The power of books — & independent bookstores

April 25, 2019 GMT

On the day after the shocking fire that inflamed Notre Dame Cathedral, I was taken by the fact that in much of the media coverage that followed, Victor Hugo’s “The Hunchback of Notre Dame” was noted, skyrocketing to the Amazon bestseller list in France as it did overnight. And quickly, the novel has again been tasked, by its deceased author, to influence its readership and encourage community action.

It seems that in 1831, when Victor Hugo published his famous story, the author was actively championing a rebirth for the then-crumbling, centuries-old landmark around which his story is centered. In the novel, the character archdeacon Frollo, says, “The book will destroy the edifice,” expressing Hugo’s notion that the printing press had usurped architecture as the primary communicator of a civilization’s values. “The Hunchback of Notre Dame” became a smash hit, the church regained popular attention, and in 1844, the king ordered a restoration of the Cathedral.

Books rarely capture this kind of attention. Neither do bookstores. Certainly not within two weeks time, and certainly not with meaningful, positive influence.

Cut to the last Saturday of April, on which for five years, a nation-wide celebration takes place to honor a significant community hub, the Independent Bookstore. Whenever I first visit a city, neighborhood, or burg, the first places I visit include those iconic symbols of community that stand in or nearby the local “commons:” the church, the market, the coffee shop, the bookstore. Each, in its own way, is a center for communion and each fortifies body, mind, and soul.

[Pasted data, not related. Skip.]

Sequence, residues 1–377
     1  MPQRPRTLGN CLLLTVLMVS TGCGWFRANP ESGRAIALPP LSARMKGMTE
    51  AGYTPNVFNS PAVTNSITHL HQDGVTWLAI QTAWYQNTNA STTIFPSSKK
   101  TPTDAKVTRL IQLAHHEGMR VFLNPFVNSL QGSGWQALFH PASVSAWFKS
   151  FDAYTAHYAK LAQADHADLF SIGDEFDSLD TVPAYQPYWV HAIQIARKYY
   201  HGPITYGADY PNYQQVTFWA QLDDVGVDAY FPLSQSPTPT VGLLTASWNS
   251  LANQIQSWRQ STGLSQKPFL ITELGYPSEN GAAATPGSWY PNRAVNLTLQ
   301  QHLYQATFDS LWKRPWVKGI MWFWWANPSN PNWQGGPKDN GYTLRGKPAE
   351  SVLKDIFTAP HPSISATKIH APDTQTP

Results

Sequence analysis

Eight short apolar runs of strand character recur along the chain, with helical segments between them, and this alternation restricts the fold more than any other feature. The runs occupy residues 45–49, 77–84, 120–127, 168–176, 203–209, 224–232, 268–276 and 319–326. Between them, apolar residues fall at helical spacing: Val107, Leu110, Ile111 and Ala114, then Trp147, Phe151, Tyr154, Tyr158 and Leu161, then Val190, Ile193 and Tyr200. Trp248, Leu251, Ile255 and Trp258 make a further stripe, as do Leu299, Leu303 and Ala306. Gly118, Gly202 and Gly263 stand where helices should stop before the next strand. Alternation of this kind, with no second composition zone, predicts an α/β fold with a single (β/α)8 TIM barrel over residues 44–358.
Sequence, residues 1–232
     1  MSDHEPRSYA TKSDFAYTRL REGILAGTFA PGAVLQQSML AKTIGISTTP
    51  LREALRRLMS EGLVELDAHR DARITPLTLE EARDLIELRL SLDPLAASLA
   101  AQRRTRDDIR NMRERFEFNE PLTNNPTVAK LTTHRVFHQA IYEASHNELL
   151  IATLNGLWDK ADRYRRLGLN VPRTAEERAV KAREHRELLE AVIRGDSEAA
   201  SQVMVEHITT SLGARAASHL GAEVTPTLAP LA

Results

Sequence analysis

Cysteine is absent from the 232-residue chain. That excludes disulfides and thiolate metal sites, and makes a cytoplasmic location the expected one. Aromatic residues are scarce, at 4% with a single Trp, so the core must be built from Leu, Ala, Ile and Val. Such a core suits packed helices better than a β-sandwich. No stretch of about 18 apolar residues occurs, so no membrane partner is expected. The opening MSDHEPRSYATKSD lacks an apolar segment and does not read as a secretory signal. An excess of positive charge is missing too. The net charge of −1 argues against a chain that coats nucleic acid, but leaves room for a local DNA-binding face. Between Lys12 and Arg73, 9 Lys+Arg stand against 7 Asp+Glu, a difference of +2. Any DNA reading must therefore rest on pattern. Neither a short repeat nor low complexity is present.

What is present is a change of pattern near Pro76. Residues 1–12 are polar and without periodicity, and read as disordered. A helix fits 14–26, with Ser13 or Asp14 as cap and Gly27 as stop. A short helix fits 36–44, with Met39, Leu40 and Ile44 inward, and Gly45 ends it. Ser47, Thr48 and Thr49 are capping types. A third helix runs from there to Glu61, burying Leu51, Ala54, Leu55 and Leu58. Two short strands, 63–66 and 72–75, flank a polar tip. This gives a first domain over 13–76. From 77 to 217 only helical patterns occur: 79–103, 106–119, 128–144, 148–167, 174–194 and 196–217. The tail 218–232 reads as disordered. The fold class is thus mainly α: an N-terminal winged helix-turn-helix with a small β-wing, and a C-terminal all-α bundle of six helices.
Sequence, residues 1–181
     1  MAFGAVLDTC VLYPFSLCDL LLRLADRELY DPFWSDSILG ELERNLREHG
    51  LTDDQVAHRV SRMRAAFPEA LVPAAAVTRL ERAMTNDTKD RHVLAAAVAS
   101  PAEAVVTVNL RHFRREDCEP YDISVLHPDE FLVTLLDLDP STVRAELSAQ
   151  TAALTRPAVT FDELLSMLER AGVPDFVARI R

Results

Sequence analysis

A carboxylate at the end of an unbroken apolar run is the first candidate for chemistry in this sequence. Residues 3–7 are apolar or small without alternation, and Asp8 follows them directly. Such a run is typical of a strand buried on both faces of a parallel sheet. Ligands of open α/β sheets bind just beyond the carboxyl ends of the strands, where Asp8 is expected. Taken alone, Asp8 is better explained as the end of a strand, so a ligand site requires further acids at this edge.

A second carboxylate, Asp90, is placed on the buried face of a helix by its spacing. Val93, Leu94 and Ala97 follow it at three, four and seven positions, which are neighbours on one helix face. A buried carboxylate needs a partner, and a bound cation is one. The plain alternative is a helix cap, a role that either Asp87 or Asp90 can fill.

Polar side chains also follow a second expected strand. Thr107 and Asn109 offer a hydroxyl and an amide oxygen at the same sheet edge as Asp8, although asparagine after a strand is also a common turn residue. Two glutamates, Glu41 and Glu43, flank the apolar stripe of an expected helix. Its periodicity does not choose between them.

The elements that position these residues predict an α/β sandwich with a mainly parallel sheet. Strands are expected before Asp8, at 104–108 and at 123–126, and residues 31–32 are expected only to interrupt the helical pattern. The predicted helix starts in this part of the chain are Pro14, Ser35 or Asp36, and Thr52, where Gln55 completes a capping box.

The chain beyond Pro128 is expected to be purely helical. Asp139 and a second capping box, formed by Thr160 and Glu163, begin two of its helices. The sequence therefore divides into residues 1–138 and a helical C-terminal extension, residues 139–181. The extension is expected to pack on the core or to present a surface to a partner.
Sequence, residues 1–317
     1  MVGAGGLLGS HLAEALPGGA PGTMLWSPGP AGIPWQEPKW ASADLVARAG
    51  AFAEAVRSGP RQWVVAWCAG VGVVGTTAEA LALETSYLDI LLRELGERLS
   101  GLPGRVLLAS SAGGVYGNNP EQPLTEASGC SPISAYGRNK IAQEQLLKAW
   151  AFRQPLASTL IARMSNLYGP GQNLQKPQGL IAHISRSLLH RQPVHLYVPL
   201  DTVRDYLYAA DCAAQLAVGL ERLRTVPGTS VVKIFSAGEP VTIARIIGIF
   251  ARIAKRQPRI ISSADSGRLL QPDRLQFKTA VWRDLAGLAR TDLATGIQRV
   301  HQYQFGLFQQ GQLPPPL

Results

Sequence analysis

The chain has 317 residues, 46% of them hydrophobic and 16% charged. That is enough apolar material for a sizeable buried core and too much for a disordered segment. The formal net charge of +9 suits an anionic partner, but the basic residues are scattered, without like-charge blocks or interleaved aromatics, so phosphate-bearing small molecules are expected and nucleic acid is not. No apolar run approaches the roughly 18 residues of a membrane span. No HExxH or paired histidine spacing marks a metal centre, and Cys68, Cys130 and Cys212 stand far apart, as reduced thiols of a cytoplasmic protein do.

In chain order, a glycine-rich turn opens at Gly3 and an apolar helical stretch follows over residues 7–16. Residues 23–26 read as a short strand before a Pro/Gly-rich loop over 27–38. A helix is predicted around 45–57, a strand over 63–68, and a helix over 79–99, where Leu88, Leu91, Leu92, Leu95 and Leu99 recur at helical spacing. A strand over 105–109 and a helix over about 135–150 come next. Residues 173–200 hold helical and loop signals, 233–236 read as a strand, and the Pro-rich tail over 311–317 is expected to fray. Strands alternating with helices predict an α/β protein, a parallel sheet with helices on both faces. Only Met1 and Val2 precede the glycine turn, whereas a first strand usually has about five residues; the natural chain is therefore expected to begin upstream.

I love books. I love bookstores. I visit my local independent bookstore, Byrd’s Books in Bethel, along with its “common” neighbors, not only for creative inspiration and new knowledge, but also for camaraderie, country-fare gossip, and to escape a world of ubiquitous tweets, 24/7 digital bombardment, and impersonal Big Boxes.

The proprietor of Byrd’s Books, Alice Hutchinson, says, “Independent bookstores are vital for the literary health of a community. Beyond offering a curated selection of books, an indie bookstore supports authors by connecting them to their audience. Whether it be children’s or adult titles, the opportunity for authors to interact with their readership is invaluable. We cherish that aspect of the book business and find it is a driving force for enrichment.”

What if Alice Hutchinson had known Victor Hugo? Would he be a highlight at this year’s Independent Bookstore Day party? And what would the two have made happen for the community? Perhaps this is the start of a fictional alternative history yet to be penned.

Ted Killmer is a resident of Danbury.